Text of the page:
That’s why are committed to deliver every meal within the time promised and value the time of our customers very well. Just in case something happens in the delivery process, and an order occurs to be late, we will make it up to our customers and offer them their next order with us for free”.

He added that customers will see Jumia food introduce many more innovations like this, because it is one step closer towards their goal of offering amazing variety,frictionless and seamless meal ordering processes, with customer experience at the core.  Interested? You can read more about the game rules for the on time delivery guarantee. As they are on the website (www.food.jumia.com)

Etihad Airways To Fly Its B787 Dreamliner To Tokyo

From 1 December 2016, guests flying between Abu Dhabi and Tokyo Narita will enjoy the luxury and comfort of a Boeing 787 Dreamliner when Etihad Airways upgrades its service on the route.  

The state-of-the-art aircraft, configured in three classes, features the airline’s ground-breaking First Suites, Business Studios and Economy Smart Seats. It will replace the Airbus A340 which currently operates the non-stop service. 

Kevin Knight, Etihad Aviation Group Chief Strategy and Planning Officer, said the upgrade to the B787 Dreamliner reflected the importance of the Japan route and the airline’s commitment to the market.

“The B787 Dreamliner is an exceptional aircraft from an operational and guest experience perspective. “Its unique design and our innovative and stylish cabins offer a guest experience that’s superior in terms of luxury and comfort.

“These product attributes and the Etihad inflight service and hospitality – onboard Chefs, Food & Beverage Managers and Flying Nannies – make ours a winning proposition.” Etihad Airways’ three-class B787 Dreamliner has 235 seats with eight First Suites, 28 Business Studios and 199 Economy Smart Seats.

The ultra-luxurious First Suites are private living spaces with a Poltrona Frau leather-upholstered seat that coverts to a fully flat six-foot-eight-inch bed. The centre suites can be opened up to create a double bed for guests who are travelling together. A unique curved aisle offers more personal space inside each suite.

The First Suite also has a 24” LCD TV monitor, a personal wardrobe and a chilled refreshments cabinet. A professional onboard Chef, exclusive to First Class, offers guests a bespoke, made-to-order dining experience with dishes prepared inflight from a larder of fresh produce.

In Business Class, the Business Studio offers direct aisle access from every seat, a fully flat bed of up to 80.5 inches long, and an increase in personal space of 20 per cent over the aircraft it replaces. Upholstered in the finest Poltrona Frau leather, the Business Studio is equipped with an in-seat massage and pneumatic cushion control system which enables guests to adjust the firmness and comfort of their seat. Each Business Studio has an 18-inch personal touch-screen TV with noise-cancelling headsets.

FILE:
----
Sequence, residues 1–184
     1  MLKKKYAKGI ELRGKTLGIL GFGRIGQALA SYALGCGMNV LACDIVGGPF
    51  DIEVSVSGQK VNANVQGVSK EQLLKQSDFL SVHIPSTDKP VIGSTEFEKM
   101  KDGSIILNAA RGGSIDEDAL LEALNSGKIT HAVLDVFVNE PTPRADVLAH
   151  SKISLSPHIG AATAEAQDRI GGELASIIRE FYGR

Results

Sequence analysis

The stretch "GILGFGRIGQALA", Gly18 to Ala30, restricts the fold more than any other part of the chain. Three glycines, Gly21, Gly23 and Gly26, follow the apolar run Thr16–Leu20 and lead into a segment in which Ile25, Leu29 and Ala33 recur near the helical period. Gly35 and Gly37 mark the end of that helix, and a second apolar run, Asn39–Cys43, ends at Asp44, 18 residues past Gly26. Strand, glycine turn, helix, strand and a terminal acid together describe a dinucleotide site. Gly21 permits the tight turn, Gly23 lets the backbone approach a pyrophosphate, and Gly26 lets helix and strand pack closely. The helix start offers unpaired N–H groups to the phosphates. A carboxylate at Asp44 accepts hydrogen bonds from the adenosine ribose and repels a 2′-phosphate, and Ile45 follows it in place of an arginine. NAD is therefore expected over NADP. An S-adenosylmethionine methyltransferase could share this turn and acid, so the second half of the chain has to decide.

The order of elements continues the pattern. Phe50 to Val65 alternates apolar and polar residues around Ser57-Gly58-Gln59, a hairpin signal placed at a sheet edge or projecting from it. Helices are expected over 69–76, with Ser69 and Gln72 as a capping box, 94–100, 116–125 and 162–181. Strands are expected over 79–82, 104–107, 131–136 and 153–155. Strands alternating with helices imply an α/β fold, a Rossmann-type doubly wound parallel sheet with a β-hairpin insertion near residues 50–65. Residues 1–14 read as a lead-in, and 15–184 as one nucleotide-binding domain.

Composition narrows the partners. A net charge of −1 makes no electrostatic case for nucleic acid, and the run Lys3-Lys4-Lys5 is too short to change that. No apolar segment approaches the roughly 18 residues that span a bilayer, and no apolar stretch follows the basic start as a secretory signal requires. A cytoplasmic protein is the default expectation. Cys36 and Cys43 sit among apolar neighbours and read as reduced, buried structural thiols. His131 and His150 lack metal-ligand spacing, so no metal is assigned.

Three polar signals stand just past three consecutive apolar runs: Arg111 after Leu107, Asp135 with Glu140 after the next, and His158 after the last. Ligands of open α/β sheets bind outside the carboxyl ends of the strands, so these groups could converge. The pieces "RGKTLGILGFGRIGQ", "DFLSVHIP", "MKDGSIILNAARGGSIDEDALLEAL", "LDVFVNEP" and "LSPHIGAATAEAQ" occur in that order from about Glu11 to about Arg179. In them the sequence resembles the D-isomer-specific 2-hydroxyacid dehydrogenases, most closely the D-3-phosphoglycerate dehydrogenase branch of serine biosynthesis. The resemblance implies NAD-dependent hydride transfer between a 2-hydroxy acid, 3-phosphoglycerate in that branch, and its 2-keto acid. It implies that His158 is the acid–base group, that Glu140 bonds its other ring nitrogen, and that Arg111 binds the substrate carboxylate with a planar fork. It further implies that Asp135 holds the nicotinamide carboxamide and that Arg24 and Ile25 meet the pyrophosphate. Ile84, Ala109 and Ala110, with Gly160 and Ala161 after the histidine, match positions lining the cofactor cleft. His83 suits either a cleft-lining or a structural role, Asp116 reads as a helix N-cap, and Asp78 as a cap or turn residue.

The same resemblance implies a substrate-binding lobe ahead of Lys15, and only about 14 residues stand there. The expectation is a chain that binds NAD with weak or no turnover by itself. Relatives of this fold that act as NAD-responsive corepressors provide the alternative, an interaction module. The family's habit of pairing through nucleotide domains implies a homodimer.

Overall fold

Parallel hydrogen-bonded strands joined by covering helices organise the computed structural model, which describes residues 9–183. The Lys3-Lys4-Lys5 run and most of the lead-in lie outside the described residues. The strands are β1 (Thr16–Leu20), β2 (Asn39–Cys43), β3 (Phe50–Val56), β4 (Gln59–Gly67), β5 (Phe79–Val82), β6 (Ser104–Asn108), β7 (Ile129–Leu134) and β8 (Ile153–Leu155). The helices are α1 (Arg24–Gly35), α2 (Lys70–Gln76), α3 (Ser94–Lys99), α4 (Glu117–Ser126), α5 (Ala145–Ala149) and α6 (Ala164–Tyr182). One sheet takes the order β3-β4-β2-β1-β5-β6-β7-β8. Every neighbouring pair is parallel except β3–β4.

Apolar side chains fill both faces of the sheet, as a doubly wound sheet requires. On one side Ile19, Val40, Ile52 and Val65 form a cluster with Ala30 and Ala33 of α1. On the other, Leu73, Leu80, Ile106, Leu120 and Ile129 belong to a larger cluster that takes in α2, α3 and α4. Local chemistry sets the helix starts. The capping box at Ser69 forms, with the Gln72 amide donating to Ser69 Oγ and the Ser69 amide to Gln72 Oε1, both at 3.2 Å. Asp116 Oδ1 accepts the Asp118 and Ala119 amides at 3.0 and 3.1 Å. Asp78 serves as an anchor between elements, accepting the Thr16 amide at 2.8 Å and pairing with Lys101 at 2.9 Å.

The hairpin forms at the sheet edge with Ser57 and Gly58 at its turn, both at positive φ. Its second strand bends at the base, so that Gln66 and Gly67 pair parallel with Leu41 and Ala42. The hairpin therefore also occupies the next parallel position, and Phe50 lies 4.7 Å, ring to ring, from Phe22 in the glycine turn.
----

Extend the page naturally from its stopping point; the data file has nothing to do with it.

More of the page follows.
For inflight dining, Business Class guests are offered a choice of three main course items, with a dine-on-demand option for guests to choose when they would like to eat. A specialist Food and Beverage Manager, dedicated to service in the Business Class cabin, is on hand to offer guests expert advice on the menu and to make recommendations on wine pairing.

Business Class guests also receive comfortable loungewear and slippers and a limited-edition Etihad Airways LUXE amenity kit which includes a range of personal care items.

In Economy Class, the Economy Smart Seat provides superior comfort with a unique ‘fixed wing’ headrest on each seat, adjustable lumbar support, an innovative multi-purpose pillow, a seat width of approximately 19 inches, and an 11.1” personal TV monitor.

Etihad Airways’ Dreamliner fleet is equipped with the latest Panasonic eX3 entertainment system which provides more than 750 hours of on-demand entertainment including seven live TV channels, improved gaming and high definition screens across all cabins. The aircraft has full mobile and Wi-Fi service, with USB and power points at every seat.

These features are complemented by the airline’s world-renowned hospitality which includes multinational and Japanese-speaking cabin crew and innovative services such as the Flying Nanny. A Flying Nanny, trained by the world-renowned Norland College in the UK, is on board every B787 Dreamliner flight to provide assistance to families travelling with young children.

Etihad Airways commenced service to Japan on 1 February 2010 with five weekly flights between Abu Dhabi and Nagoya, via Beijing. This increased to daily on 30 March 2014. Tokyo Narita was added to the Japan route on 27 March 2010 with five weekly non-stop flights, going daily on 31 March 2013.

Schedule between Abu Dhabi and Tokyo Narita, effective 1 December 2016

Flight No.

Origin

Departs

Destination

Arrives

Frequency

Aircraft

EY878

Abu Dhabi

22:10

Tokyo Narita

13:05

Daily

B787-9

EY871

Tokyo Narita

21:25

Abu Dhabi

04:45

Daily

B787-9


Note
: All departures and arrivals are listed in local time.

Sheraton Kampala Hotel Introduces Ugandan Massage

Have you imagined your body massaged with herbs and oils or an indigenous massage oil made from herbs you are familiar with? It’s no longer an imagination or a wish, Sheraton Kampala hotel has introduced a massage that uses only herbs and oils extracted from indigenous ingredients to relax and soothe you and keep you healthy and youthful.

“The new massage is a representation of what we stand for at Sheraton Kampala Hotel.We are dedicated to satisfying our customers with everything we do and the new massage we have introduced is a clear representation of this.